As mentioned earlier, the Poincaré Conjecture deals with topology. The French mathematician Jules Henri Poincaré, in his 1904 paper, stated that a sphere will remain a sphere no matter what. You can deform it in any way you want, it will still remain a sphere. Wait a minute, if we deform a sphere, how will it remain a sphere? To people who are new to this, welcome to the world of mathematical topology. In the world of topology, we are primarily concerned with the surfaces of objects. So no matter what you do to a sphere, the resulting deformed, twisted and complicated form is still considered a sphere. What it means is that, after you deform the sphere, I can take it back and deform it again to convert it back to a sphere. However, there is one restriction. You cannot poke a hole into the sphere. For example, you cannot make it into a doughnut, ring or a coffee cup. That will result in a different category of objects.

There is one more complication. When most people think of a sphere, they generally consider the space that a sphere occupies. When topologists talk about a sphere, they are talking exclusively about its surface. This conjecture deals with the surface of objects. If we consider a circle, it would constitute a 1-sphere (the circumference of the circle is a 1-dimensional line). If we take a regular sphere, then it would constitute a 2-sphere (the surface is a 2-dimensional plane). Now Poincaré Conjecture says that the deformation idea holds good for 3-spheres too. 3-spheres are actually 4-dimensional objects that are very difficult, perhaps impossible, to imagine. The universe is said to be a 3-sphere.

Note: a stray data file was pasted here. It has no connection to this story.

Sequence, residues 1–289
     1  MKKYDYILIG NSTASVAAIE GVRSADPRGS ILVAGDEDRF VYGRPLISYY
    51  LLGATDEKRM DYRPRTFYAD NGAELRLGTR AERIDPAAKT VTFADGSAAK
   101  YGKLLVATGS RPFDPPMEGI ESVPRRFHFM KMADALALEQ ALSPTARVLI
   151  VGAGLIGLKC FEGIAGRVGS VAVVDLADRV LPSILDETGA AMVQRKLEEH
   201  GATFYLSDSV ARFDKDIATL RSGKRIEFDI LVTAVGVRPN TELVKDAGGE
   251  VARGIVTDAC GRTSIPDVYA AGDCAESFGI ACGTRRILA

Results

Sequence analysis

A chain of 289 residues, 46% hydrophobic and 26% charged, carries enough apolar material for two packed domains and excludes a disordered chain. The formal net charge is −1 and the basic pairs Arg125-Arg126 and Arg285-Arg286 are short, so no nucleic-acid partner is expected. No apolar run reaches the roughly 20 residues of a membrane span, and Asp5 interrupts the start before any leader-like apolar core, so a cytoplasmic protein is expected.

**An Example**

Let’s consider a soccer ball. We will take a rubber band and stretch it across the surface of that ball. Now, we can slowly shrink that rubber band down to a point by moving it slowly, without tearing it and without allowing it to leave the surface. Simple enough right? On the other hand, if we imagine that the same rubber band has somehow been stretched to fit around the outer circumference of a doughnut, then there is no way of shrinking it to a point without breaking either the rubber band or the doughnut. The hole in the middle prevents this from happening. We say that the surface of the soccer ball is “simply connected”, but the surface of the doughnut is not. Poincaré knew that a two-dimensional sphere is essentially characterized by this property of simple connectivity. He then asked the corresponding question for the three-dimensional sphere (the set of points in four-dimensional space at unit distance from the origin). He said we can do the same thing for 3-spheres as well, but he couldn’t prove it. It was there for around 100 years after that and mathematicians weren’t able to disprove it either.

**A Reclusive Genius Solves This Problem**

In what was one of the biggest breakthroughs in the field of mathematics in recent times, a Russian mathematician named Grigory Perelman solved this problem by publishing a series of papers in 2002-2003. It has withstood the test of time and it is now well accepted within the mathematics community. Perelman was awarded the enormously prestigious Fields Medal in 2006, which he declined. Clay Mathematics Institute has officially recognized him to be the recipient of the 1 million dollar prize, which he declined as well. Looks like he is one of the more pure pursuers of knowledge!